Roadside Buzzard


On the lane between Notton and Woolley, a kestrel sits, hunched and huddled, in a roadside tree.

At Woolley Edge, there’s a flash of colour as a jay gets up from a roadside verge. Oak trees grow along the sandstone ridge here, so perhaps it was burying, or retrieving, an acorn.

As we reach the open higher ground at Bretton roundabout, we pass a buzzard sitting on a fence-post at the edge of the road.

As we get nearer to Flockton, we see a second kestrel, hovering over the field by the road.

Notton in the 1800s

Notton from the original Ordnance Survey map, 3D view created in Memory Map.

Looking at our route on the original Ordnance Survey map from the 1800s, I’m surprised to see what a busy landscape this was, with its sandstone quarries, gravel pits and a brick kiln where George Lane meets the Wakefield to Barnsley road.

Just north of the gravel pit there are kennels and, more exotically, three-quarters of a mile to the northeast, there’s a Menagerie, which was part of the Chevet Hall estate.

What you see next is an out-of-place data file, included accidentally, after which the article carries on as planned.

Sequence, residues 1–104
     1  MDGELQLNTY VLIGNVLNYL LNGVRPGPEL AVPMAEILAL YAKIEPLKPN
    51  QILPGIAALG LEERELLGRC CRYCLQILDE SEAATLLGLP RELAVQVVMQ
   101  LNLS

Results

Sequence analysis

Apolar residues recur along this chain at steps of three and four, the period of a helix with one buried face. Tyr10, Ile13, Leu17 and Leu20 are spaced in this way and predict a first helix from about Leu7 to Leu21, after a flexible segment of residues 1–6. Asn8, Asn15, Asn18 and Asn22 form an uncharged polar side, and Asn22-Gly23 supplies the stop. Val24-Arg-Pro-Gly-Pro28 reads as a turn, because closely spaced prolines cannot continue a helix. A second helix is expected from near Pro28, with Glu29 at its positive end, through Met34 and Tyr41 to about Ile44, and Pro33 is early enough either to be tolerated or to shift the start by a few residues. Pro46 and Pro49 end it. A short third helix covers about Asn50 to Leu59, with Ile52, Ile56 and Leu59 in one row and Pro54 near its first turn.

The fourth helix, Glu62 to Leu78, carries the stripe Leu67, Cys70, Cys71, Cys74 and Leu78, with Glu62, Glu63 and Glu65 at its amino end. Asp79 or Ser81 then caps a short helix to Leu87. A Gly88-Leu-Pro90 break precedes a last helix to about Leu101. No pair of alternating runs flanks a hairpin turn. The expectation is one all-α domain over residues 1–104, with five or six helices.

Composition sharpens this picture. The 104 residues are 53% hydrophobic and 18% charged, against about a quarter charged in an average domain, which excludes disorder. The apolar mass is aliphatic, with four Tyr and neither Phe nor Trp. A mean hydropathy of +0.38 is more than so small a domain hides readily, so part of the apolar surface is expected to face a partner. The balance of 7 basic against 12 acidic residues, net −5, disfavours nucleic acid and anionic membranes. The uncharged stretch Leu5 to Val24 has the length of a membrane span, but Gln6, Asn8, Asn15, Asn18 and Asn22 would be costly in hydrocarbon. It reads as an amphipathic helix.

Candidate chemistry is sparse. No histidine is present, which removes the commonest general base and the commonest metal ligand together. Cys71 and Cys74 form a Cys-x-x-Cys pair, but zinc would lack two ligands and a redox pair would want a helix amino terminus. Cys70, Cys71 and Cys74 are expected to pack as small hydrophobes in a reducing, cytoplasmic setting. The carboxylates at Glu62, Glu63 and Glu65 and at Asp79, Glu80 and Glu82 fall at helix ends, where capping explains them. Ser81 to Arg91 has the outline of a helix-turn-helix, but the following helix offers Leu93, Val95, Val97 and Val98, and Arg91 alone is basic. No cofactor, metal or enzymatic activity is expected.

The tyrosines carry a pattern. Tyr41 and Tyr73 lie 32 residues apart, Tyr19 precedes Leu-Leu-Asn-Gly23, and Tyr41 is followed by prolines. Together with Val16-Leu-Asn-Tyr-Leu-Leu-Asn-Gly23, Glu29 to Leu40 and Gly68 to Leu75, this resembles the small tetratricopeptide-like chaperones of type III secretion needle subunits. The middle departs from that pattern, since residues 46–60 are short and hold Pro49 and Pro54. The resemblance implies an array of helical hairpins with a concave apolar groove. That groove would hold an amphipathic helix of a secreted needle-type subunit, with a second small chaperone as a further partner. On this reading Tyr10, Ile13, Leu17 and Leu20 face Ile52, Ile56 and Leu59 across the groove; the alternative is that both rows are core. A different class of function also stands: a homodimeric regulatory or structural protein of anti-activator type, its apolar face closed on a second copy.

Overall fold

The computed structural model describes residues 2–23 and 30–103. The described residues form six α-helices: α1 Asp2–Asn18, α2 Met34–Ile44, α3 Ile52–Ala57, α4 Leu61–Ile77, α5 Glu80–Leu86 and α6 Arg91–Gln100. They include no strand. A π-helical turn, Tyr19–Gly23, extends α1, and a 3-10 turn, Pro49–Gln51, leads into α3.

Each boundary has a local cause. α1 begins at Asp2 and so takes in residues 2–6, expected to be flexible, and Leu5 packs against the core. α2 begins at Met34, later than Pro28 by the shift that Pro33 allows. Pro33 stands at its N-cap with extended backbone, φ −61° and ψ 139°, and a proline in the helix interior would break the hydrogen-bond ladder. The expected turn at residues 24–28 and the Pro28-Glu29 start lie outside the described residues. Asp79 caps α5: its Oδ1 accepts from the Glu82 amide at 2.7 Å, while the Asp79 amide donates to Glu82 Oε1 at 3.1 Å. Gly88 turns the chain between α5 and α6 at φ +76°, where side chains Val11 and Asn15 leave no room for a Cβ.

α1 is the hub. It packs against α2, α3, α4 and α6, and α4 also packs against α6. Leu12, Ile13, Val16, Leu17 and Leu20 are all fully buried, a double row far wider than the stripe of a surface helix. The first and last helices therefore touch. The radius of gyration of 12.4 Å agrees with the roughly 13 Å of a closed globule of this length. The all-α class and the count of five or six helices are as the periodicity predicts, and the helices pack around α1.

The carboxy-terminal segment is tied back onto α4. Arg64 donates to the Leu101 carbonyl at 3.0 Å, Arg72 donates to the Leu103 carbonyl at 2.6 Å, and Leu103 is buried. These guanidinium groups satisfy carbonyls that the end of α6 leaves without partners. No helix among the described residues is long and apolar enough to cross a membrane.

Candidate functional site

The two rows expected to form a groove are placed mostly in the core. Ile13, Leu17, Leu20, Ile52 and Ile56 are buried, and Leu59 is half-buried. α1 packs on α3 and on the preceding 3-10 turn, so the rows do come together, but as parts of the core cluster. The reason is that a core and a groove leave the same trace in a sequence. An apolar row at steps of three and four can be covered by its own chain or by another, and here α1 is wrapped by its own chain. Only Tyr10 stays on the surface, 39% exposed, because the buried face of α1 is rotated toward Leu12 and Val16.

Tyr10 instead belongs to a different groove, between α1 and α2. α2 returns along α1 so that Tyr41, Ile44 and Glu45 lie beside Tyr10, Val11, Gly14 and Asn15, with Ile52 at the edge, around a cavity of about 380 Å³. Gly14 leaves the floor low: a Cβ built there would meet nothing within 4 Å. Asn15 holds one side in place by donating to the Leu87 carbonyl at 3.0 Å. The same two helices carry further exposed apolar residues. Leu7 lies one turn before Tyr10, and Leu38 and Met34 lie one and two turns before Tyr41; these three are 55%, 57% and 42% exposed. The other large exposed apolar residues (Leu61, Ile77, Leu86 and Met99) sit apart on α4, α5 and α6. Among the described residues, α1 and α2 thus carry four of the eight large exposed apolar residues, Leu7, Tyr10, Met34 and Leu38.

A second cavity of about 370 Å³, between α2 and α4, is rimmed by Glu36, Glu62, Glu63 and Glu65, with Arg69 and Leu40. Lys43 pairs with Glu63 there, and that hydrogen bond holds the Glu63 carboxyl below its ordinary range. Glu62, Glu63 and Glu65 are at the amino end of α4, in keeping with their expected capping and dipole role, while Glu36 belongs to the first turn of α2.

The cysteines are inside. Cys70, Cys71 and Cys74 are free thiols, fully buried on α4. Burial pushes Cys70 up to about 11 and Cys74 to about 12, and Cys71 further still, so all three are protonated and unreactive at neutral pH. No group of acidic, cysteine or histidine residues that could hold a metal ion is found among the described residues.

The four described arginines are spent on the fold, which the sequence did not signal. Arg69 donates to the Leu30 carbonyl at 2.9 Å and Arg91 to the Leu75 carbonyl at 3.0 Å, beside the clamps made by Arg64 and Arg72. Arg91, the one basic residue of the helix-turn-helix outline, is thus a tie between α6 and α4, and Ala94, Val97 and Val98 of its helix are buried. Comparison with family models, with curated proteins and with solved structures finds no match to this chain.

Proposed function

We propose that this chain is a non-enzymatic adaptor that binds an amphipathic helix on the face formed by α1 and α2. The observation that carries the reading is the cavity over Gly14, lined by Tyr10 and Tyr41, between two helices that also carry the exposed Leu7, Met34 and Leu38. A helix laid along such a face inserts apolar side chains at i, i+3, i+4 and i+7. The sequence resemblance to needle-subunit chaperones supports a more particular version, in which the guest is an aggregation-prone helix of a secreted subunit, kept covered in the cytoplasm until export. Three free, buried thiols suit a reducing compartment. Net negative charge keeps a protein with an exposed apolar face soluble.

An osier bed, near the top right corner of my map, would have produced the flexible whips of willow needed for basketmaking.

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  1. Your posting reminded me of childhood walks around Wooley and Notton with my dad after he retired. I am still amused by the fact that ‘Mucky Lane’ running south-west from Notton was renamed as ‘Keeper Lane’, presumably because someone didn’t like the old name. It’s original name can still be found on the old OS maps.

    1. Thank you, I hadn’t heard the old name. I know that Smawell Lane at the other end of the village was once called Halfpenny Lane because that’s the direction the drovers came from and they paid a halfpenny a head to graze their cattle on the green. A good little earner for the village. The introduction of refrigerated lorries must have been a game-changer for Notton!

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